Von Kairo nach Kalifornien

SINGAPUR – Politisch gesehen entwickeln sich Ägypten und Kalifornien in die entgegengesetzte Richtung. Ägypten hatte zu wenig Demokratie und bewegt sich nun in die andere Richtung. Kalifornien verfügt über zu viel Demokratie und setzt nun Schritte in Richtung weniger Demokratie. Treffen sollten sie sich an einem Punkt, an dem Demokratie eine gute Staatsführung ergibt – und ich meine „Staatsführung“ und nicht irgendeine schwammige „Governance“.

Über Jahrzehnte wurde der „Staat“ dämonisiert. Ein berühmter Ausspruch von Ronald Reagan lautete: „Der Staat ist nicht die Lösung unseres Problems, der Staat ist das Problem“. Reagan war allerdings nur der eloquenteste Vertreter dieses Zeitgeists, jedoch nicht sein Erfinder. Entstanden ist diese Haltung in Jahrzehnten der Laissez-faire-Theorie und ihrer missionarischen Verbreitung.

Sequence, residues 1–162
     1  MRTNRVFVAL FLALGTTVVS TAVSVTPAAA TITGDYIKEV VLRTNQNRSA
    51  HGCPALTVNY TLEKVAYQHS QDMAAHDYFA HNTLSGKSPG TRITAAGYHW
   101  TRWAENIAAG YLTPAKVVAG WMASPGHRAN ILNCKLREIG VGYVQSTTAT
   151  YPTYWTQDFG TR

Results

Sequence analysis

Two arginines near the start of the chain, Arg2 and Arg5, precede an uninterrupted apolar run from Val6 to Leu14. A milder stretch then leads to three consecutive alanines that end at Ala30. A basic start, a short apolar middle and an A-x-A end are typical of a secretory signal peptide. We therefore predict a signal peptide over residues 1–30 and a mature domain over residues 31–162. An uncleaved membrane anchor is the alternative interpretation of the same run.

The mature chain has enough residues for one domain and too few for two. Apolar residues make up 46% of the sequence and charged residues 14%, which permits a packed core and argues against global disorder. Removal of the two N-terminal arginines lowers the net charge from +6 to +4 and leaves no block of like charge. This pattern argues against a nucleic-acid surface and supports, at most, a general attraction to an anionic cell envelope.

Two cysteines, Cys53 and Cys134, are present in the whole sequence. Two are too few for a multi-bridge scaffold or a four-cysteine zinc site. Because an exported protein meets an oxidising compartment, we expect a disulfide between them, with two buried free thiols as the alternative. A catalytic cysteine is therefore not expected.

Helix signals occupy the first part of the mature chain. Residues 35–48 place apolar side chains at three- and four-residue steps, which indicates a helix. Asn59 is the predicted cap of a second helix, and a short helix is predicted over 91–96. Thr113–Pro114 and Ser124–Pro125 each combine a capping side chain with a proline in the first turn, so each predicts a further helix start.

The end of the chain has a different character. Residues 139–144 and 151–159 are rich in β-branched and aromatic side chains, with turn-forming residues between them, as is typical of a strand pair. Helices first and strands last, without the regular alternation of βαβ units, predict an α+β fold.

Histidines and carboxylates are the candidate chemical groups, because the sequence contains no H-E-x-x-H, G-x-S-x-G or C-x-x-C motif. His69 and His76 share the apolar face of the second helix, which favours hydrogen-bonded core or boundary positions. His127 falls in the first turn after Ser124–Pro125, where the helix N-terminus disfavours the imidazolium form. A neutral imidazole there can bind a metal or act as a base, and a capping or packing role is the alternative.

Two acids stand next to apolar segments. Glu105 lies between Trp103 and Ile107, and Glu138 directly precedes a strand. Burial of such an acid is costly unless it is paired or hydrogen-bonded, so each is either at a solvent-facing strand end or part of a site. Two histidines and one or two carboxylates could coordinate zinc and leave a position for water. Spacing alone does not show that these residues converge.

Nach einer Welle von staatlichen Programmen in den 1960er Jahren gelangten die wichtigsten Meinungsmacher und politischen Entscheidungsträger Amerikas zu der Erkenntnis, dass der beste Staat derjenige sei, der am wenigsten in Erscheinung tritt. Reagan brachte diese Haltung auf den Punkt und man erinnerte sich an die berühmten Worte des chinesischen Philosophen Lao Tzu aus dem sechsten Jahrhundert vor Christus: „Eine große Nation zu regieren ist wie einen kleinen Fisch zuzubereiten: Zu viel Aufhebens verdirbt alles.“

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